UK PM tables demands for staying in EU

Britain's prime minister appealed to doubters at home and in other EU capitals on Tuesday to embrace his attempt to reform the 28 member bloc as a chance to boost prosperity rather than writing it off as "Mission Impossible." David Cameron, under pressure after overseeing what critics see as a lacklustre start to the renegotiation of Britain's ties with the European Union before a referendum, used a speech to offer the most detail yet on where he wants change.

London: Britain's prime minister appealed to doubters at home and in other EU capitals on Tuesday to embrace his attempt to reform the 28 member bloc as a chance to boost prosperity rather than writing it off as "Mission Impossible." David Cameron, under pressure after overseeing what critics see as a lacklustre start to the renegotiation of Britain's ties with the European Union before a referendum, used a speech to offer the most detail yet on where he wants change.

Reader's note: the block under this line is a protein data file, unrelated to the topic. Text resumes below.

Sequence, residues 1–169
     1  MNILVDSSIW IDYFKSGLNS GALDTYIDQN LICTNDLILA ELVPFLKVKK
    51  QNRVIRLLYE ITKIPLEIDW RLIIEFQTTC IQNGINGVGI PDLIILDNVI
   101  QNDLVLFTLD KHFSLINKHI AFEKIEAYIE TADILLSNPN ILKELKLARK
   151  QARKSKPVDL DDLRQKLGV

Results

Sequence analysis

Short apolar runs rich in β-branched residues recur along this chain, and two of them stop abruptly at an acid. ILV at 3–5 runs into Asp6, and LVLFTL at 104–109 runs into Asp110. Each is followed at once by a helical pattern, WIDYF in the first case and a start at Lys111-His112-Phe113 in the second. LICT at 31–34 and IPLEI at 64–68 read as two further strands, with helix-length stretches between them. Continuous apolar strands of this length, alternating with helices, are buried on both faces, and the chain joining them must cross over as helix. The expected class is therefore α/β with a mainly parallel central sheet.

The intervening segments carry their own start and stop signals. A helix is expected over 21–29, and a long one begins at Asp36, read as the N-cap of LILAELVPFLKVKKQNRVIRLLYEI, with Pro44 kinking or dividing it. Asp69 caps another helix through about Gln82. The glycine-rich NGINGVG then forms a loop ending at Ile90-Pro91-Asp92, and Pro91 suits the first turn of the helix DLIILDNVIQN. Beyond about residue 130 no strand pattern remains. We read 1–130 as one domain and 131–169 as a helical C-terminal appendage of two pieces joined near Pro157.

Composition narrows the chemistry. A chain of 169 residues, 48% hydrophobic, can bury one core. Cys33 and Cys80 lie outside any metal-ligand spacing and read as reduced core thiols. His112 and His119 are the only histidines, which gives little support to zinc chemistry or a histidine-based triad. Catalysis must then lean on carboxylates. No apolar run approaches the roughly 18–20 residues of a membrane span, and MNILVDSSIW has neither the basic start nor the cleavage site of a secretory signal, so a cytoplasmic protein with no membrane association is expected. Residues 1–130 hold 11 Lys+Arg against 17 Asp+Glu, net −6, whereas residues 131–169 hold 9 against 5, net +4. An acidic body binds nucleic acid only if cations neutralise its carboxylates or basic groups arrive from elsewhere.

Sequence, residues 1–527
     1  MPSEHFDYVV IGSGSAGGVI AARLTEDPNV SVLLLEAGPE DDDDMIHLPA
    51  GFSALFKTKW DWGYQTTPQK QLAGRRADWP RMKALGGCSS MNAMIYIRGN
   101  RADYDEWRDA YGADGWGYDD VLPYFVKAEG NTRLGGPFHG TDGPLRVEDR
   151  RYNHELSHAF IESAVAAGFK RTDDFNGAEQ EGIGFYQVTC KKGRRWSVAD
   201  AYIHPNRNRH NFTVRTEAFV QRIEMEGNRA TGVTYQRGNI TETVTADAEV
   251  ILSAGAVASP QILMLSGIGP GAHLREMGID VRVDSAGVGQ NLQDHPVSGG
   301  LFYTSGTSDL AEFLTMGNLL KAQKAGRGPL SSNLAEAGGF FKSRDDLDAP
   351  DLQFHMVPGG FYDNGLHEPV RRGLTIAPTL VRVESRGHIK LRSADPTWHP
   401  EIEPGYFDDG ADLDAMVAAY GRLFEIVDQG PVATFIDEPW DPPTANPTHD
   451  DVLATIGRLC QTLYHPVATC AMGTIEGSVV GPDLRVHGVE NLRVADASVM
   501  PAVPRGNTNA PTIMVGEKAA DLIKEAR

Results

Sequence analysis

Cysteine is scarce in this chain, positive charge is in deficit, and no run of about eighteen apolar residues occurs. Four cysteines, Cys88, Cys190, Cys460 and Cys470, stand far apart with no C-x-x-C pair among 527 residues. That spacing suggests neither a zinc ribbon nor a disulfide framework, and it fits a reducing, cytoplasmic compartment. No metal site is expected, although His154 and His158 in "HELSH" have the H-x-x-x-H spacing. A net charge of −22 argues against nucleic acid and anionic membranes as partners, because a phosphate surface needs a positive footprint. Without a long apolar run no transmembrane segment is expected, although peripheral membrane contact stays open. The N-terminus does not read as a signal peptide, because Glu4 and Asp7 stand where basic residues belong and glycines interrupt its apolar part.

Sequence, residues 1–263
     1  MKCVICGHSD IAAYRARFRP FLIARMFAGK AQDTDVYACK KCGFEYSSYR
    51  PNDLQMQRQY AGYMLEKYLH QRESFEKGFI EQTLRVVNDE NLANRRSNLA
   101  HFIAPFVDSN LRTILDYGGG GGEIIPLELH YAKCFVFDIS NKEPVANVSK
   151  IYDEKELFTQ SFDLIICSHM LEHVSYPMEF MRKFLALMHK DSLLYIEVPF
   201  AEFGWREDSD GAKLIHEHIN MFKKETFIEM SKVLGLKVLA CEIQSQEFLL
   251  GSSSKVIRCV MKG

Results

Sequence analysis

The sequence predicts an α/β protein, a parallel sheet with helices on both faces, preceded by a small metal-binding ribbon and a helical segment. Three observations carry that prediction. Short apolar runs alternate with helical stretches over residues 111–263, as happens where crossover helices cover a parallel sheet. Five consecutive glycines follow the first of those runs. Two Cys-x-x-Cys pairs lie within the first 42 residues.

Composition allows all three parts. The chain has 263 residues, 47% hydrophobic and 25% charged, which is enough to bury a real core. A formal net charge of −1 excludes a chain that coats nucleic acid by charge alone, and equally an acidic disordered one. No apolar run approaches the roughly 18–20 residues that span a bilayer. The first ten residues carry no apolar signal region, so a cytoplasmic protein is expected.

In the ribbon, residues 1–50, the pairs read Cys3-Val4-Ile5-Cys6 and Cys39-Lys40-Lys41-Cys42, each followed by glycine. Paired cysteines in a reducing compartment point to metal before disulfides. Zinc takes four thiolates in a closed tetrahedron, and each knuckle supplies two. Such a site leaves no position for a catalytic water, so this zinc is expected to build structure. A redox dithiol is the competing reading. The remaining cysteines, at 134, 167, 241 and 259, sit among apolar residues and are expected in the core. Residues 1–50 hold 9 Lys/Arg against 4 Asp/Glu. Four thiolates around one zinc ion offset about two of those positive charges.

The EU executive was quick to call at least one of the British PM's demands -a limit on benefits EU migrants to Britain are entitled to -"highly problematic", while saying other proposals such as boosting the role of national parliaments in decisionmaking in the bloc appeared feasible.

Cameron left little room for doubt he wants Britain to stay in a reformed EU, linking for the first time British security to its membership -but he also warned that if his demands were met by a "deaf ear", he could lobby to leave.

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